Twitch money laundering network dismantled in Turkey

A hack, a money laundering network and one of the most popular sites in the video game industry: it’s a surreal story that saw a new twist on Tuesday, January 4, in Turkey. At the end of a police operation, at least 40 people were arrested, suspected of having participated in a scam aimed at using the Twitch platform to launder stolen or illegally obtained funds, revealed the Daily Sabah, a daily close to the government.

On Twitch, there are several ways to support a streamer whose content you appreciate: buy a monthly subscription, give money directly on an ad hoc basis or send “bits”, a kind of virtual currency that you can pay. to someone when they are streaming a game of video games or any other activity. From a certain amount, these bits can be transformed into money by the videographer who received them.

In Turkey, Internet users saw it as a way to disguise money recovered with stolen credit cards. Streamers were approached and were offered an agreement: a certain number of bits were paid to them during their streams, then it was up to them to convert them into money and then return them to their donors, pocketing a commission in the process.

This case was made public following a major data breach suffered by Twitch. On October 6, an Internet user posted on the 4chan forum a very large number of files related to the technical architecture of the video platform and probably stolen from a computer code repository. This same user also shared a document that caused a lot of reaction: dozens of Excel tables detailing the income generated by thousands of streamers on Twitch.

Read also The Twitch platform victim of a hack

Anomalies in income

In Turkey, the story did not end there, since by carefully observing the income of the country’s videographers, of Internet users have discovered a few weeks later irregularities. Some streamers, little active or little followed, had received thousands of dollars worth of bits, while others earned an abnormal share of their income on the platform with these same bits.

Reactions mounted on social media, with netizens tweeting the tagline #TemizTwitch (“Clean Up Twitch”) and calling on the platform to take action against what appeared to suggest money laundering operations.

In a message that was deleted today, a streamer known as Legoo, a member of an esports team, admitted at the end of October to have participated in this system, after being approached by “By a friend to whom [il] do[ait] confidence “. “Later, when I realized that the donations were anonymous, I became suspicious and wanted to stop”, explains the streamer, who adds that he has repeatedly asked his partner to stop sending him money. He claims to have received $ 4,000 in bits, out of which he received about $ 2,000 (about $ 1,800).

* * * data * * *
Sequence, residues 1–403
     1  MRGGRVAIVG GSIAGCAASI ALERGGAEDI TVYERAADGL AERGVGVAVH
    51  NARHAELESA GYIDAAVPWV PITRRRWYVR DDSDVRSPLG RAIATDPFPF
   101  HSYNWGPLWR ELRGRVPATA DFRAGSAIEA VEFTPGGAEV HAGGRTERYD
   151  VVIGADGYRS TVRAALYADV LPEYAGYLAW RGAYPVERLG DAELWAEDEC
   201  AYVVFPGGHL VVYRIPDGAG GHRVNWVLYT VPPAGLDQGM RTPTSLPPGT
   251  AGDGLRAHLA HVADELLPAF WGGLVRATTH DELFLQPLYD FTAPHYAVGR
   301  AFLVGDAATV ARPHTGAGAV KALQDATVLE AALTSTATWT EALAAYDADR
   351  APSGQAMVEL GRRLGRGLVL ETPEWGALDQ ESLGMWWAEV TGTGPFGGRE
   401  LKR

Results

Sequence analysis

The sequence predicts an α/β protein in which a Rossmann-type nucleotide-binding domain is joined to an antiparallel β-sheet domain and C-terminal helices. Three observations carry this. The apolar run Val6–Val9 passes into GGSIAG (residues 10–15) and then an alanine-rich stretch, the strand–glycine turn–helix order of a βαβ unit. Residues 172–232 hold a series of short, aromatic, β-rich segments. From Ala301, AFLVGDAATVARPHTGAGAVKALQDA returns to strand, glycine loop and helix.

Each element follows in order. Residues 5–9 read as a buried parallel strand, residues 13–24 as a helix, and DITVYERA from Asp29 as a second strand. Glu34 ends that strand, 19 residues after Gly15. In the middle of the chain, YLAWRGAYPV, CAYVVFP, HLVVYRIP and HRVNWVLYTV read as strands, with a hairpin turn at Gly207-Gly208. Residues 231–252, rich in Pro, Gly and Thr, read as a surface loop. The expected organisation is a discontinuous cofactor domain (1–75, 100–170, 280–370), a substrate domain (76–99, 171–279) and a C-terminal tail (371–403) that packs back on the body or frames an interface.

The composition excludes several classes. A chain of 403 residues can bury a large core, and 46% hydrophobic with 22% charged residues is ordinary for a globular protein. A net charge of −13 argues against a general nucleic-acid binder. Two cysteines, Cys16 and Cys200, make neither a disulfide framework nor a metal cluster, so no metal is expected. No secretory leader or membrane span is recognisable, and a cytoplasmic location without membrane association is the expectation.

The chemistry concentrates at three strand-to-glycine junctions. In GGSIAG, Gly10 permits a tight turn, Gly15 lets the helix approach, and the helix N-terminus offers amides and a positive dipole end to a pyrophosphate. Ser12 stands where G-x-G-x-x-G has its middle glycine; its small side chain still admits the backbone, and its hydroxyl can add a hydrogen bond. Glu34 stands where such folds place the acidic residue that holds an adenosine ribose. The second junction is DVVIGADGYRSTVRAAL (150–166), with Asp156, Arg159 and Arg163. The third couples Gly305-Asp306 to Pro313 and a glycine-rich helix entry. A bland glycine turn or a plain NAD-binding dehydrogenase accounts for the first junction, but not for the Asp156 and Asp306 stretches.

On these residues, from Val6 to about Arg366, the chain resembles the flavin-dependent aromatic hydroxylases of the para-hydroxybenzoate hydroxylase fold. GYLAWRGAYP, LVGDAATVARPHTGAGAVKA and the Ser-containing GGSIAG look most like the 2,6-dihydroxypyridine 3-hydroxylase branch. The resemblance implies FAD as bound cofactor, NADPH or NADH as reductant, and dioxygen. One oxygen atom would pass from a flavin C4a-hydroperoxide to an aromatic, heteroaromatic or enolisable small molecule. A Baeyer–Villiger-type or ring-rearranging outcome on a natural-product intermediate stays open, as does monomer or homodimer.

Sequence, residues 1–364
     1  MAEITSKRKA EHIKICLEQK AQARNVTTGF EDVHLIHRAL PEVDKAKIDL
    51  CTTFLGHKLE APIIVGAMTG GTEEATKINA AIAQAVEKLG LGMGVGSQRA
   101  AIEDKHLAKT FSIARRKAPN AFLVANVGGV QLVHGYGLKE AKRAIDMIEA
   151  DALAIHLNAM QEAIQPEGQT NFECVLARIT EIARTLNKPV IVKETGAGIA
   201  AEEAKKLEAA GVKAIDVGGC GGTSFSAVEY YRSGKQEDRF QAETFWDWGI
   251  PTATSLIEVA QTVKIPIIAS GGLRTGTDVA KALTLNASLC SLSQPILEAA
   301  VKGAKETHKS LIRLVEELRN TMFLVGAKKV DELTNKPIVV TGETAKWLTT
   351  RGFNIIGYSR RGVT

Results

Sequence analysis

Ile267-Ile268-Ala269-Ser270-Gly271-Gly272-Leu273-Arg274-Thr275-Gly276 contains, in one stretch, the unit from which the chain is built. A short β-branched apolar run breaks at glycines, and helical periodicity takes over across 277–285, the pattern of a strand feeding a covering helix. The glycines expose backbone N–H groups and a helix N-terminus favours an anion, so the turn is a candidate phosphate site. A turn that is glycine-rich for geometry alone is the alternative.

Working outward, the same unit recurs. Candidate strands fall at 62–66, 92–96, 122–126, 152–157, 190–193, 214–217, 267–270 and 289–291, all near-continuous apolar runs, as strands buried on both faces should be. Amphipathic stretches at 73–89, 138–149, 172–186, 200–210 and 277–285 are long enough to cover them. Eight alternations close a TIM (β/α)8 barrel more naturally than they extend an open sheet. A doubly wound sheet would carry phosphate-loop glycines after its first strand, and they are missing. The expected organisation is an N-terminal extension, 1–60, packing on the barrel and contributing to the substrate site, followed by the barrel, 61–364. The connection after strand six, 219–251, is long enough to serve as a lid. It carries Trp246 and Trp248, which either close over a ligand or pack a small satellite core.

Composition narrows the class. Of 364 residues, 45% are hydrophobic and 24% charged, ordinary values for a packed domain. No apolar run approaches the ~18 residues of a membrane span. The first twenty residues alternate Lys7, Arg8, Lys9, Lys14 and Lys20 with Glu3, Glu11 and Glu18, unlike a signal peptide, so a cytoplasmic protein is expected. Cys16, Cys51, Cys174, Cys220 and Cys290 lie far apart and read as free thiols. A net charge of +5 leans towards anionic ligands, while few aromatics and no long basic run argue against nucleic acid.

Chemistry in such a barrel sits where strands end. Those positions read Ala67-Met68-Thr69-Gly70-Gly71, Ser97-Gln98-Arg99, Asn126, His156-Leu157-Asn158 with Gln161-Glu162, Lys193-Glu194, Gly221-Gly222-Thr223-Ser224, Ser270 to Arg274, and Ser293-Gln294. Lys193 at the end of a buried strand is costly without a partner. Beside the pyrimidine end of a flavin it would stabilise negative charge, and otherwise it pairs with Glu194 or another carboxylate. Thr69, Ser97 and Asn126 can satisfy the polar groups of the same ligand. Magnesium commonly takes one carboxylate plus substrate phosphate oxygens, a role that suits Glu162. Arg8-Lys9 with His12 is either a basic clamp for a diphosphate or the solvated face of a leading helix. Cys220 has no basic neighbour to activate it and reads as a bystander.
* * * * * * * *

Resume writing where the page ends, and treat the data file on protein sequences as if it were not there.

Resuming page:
As reported by the specialist site Upcomer, another turkish e-sportsman, professional player of Valuing, a competitive shooter, has admitted to being involved in these fraudulent fund transfers. Of them anonymized and published testimonials by the same site describe a similar modus operandi: streamers were approached by an individual explaining that he had found a way to earn bits by watching ads, and offering to send them those bits while sharing the proceeds. “There was nothing to arouse suspicion. No one knew they were fake credit cards and stolen money ”, said one of the streamers interviewed.

Suspects on the run

The affair, which received little media coverage outside Turkey’s borders, prompted political reactions in the country. Gürsel Tekin, a deputy from the main opposition party – the Republican People’s Party – called on the government to launch an investigation in November, while believing that Amazon-owned Twitch was not acting on it. . “Large digital companies have a responsibility to prevent crime on their platforms. Terrorist organizations, the mafia, drug networks launder billions of dollars and send money to their members ”, he explains to World.

According to the daily Liberty, the research carried out by the Istanbul investigators allowed identify at least 44 suspects in eleven different regions in total, four of which are still wanted; searches were carried out in particular in Ankara, Istanbul and Antalya. However, the amount of funds raised by this network has not been disclosed.

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Twitch money laundering network dismantled in Turkey

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